By Michelle J. Buckstrup and Nina L. Bassuk
Ithaca, NY (November 1, 2000)- Bare-root transplanting historically has been considered by many in the landscape industry, including arborists, to be higher risk that B&B transplanting. Post-planting stress caused by desiccation of roots during post-harvest handling is thought to be the major cause of poor establishment for bare-root trees. Few studies have been done to compare the impact of B&B and bare-root production methods on transplanting success in the urban environment.
This study of B&B and hydrogel-dipped bare-root trees harvested at 40-mm-caliper and planted in the urban environment of Ithaca, New York, makes recommendations on three common street tree species.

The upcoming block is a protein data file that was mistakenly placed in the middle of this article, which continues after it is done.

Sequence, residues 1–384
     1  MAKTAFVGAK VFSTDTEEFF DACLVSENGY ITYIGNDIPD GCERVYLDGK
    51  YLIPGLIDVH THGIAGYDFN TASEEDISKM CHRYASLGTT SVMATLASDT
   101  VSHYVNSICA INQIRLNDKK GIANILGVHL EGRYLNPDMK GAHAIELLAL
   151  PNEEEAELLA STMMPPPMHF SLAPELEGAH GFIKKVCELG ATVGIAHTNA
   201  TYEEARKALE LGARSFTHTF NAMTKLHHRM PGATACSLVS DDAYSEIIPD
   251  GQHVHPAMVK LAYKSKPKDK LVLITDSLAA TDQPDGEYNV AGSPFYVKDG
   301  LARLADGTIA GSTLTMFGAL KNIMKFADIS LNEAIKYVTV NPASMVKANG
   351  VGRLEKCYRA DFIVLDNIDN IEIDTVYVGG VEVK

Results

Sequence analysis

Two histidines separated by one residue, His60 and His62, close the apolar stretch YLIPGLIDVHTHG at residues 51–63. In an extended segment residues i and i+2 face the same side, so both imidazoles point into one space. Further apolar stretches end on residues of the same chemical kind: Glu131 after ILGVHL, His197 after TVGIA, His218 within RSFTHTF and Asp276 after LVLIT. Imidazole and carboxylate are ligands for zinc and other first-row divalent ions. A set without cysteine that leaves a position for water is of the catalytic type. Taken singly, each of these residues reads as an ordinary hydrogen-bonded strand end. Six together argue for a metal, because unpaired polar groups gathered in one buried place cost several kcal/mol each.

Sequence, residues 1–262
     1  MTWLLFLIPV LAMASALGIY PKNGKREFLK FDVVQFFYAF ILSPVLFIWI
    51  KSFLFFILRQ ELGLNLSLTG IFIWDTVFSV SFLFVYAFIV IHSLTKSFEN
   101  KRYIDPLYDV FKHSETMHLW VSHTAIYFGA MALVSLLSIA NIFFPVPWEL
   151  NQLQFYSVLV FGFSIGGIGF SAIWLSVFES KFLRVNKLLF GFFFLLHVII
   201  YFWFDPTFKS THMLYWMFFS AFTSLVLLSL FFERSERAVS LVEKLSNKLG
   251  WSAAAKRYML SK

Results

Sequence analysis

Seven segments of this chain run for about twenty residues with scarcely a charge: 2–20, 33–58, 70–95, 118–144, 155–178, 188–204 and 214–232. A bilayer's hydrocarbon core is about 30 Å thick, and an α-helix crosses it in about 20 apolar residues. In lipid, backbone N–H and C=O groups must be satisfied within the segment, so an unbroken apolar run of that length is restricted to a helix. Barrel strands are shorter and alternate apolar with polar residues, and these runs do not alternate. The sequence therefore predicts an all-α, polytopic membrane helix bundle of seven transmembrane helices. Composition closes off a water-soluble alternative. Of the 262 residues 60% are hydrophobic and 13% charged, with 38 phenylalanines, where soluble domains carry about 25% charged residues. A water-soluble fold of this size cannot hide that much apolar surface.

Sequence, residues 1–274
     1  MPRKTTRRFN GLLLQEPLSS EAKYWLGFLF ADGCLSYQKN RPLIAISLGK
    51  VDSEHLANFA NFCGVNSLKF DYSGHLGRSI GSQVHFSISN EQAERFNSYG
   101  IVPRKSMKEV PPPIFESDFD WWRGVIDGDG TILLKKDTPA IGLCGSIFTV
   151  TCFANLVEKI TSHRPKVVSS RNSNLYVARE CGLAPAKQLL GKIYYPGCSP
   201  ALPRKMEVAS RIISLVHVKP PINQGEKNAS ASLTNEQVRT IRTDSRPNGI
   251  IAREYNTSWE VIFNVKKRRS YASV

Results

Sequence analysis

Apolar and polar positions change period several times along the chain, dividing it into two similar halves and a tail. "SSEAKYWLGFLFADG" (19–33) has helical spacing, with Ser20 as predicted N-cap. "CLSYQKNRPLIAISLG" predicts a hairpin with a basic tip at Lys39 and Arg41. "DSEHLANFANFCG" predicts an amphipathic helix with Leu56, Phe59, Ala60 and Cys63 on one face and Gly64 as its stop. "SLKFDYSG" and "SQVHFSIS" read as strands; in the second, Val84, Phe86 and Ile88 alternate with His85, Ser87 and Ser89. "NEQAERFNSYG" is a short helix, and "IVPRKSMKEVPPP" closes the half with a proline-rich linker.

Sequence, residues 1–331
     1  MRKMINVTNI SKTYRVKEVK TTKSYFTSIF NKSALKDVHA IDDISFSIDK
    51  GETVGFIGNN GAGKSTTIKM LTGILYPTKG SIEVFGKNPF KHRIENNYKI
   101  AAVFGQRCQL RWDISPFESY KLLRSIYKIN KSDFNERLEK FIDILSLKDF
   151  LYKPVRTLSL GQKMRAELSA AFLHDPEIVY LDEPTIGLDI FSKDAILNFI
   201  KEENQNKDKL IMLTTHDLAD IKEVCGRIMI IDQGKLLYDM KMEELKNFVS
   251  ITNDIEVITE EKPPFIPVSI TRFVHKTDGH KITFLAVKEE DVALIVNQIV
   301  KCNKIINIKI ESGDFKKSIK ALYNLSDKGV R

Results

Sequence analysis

* Hackberry can be successfully transplanted in fall or spring, B&B or bare-root. Bare-root hackberry grows better in fall than spring, and in spring, B&B trees may grow better than bare-root trees, but all combinations are viable.
* Hophombeam can be successfully transplanted in the fall or spring, B&B or bare-root, although spring bare-root planting may be risky, especially if trees are not fully dormant when harvested.
* Swamp white oak can be transplanted with success fall or spring, B&B or bare-root. For all three species, differences in growth observed in the first year can be expected to even out in subsequent years.
Transplanting Success of Balled-and-Burlapped Versus Bare-root Trees in the Urban Landscape